Thus, by the summer of 1862, Lincoln already started a draft of the Emancipation Proclamation. He then waited for a Union battlefield victory to issue the proclamation so it would not seem an act of desperation but a deliberate action to further clarify his war aims. The Emancipation Proclamation which became effective on January 1, 1863, only freed slaves in the states currently in rebellion and it would take the 13thAmendment, passed near the end of war, to totally abolish slavery in the United States. By the time of the Battle of Gettysburg (July 1-3.1863), freeing the slaves had become a conduit to winning the war and preserving the Union.

The larger point that emerges in this article is “the doctrine of states’ rights” which Italie clearly identifies as a casualty of Lincoln’s war. While the Constitution never codified or endorsed slavery, it does, in a very purposeful manner, enshrine the concept of the limit power of the federal government. In my opinion, the most significant impact of Lincoln’s approach to the war was the manner in which he set aside parts of the Constitution in order to prosecute the war. Ironically, there is no mention in the Constitution of a method for a state to exit the Union, but there is also no prohibition for state to leave. Italie’s article addresses this issue:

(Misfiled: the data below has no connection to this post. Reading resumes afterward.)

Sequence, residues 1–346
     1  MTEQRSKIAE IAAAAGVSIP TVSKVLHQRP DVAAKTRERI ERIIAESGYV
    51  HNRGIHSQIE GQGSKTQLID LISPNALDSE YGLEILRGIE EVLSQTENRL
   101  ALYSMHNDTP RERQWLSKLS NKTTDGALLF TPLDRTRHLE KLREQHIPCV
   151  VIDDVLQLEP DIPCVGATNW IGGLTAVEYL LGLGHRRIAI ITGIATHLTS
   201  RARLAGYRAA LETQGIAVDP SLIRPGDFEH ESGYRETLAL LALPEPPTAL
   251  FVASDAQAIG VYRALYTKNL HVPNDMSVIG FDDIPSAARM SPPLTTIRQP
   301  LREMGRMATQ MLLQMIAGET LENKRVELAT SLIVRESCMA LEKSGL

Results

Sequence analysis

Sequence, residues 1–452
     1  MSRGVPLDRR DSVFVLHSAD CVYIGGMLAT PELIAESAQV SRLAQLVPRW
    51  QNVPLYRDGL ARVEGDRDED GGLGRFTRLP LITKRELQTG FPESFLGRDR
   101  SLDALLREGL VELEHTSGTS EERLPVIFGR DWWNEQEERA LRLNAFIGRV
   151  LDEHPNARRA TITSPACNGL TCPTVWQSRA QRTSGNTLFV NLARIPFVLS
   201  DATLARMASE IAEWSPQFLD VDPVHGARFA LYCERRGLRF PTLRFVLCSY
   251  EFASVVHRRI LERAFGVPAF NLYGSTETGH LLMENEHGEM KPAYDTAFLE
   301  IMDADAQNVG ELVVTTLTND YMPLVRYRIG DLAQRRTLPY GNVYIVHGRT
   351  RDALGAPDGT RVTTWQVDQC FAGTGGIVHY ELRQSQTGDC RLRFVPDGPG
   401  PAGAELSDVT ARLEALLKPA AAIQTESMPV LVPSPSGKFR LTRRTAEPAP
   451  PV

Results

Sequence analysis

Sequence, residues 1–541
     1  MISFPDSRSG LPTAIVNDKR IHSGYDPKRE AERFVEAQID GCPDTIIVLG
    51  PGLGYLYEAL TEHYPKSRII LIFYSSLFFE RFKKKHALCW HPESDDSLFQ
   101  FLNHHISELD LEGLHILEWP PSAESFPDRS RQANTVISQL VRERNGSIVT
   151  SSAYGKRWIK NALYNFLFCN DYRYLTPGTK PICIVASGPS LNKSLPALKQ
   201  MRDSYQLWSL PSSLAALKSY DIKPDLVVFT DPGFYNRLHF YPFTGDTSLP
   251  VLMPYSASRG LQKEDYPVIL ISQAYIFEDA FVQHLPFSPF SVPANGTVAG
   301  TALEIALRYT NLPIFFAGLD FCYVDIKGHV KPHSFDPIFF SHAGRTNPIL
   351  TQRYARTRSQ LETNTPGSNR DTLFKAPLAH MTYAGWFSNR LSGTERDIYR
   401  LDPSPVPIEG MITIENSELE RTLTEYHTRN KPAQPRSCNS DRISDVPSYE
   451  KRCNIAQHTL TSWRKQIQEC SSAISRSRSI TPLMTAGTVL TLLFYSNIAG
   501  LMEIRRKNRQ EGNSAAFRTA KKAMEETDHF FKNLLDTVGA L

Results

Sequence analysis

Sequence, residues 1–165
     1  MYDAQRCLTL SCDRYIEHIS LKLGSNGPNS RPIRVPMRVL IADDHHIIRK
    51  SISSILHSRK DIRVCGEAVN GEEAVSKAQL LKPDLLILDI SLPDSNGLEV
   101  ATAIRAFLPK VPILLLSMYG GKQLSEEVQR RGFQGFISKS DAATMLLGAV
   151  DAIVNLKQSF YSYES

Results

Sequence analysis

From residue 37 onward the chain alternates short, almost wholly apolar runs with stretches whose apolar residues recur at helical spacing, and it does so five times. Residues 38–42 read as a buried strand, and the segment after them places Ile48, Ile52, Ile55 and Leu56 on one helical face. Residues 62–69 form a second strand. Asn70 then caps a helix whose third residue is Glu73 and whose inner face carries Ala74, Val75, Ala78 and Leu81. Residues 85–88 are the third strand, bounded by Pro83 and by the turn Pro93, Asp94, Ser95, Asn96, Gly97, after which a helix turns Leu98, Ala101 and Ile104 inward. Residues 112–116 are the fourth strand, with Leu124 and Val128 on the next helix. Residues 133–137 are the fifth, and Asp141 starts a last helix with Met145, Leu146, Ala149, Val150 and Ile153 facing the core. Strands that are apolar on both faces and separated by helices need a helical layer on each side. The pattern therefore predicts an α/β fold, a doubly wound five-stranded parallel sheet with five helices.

“Up to the Civil War ‘the United States’ was invariably a plural noun: ‘The United States are a free country.’ After Gettysburg it became a singular: ‘The United States is a free country,'” Wills wrote. “This was a result of the whole mode of thinking that Lincoln expressed in his acts as well as his words, making union not a mystical hope but a constitutional reality.”
[Quoted from Garry Wills, Pulitzer Prize-winning author of “Lincoln at Gettysburg”]

At the beginning of his presidency, Lincoln approached the problem of states leaving the Union by declaring a constitutional prohibition against it. Yet, this was nothing more than a “mystical hope” ungrounded in the reality of the Constitution. Returning to the Gettysburg Address itself, the singular nature of the “United States” is clearly laid out in the last line of the speech.

… this nation under God shall have a new birth of freedom, and that government of the people, by the people, for the people shall not perish from the earth.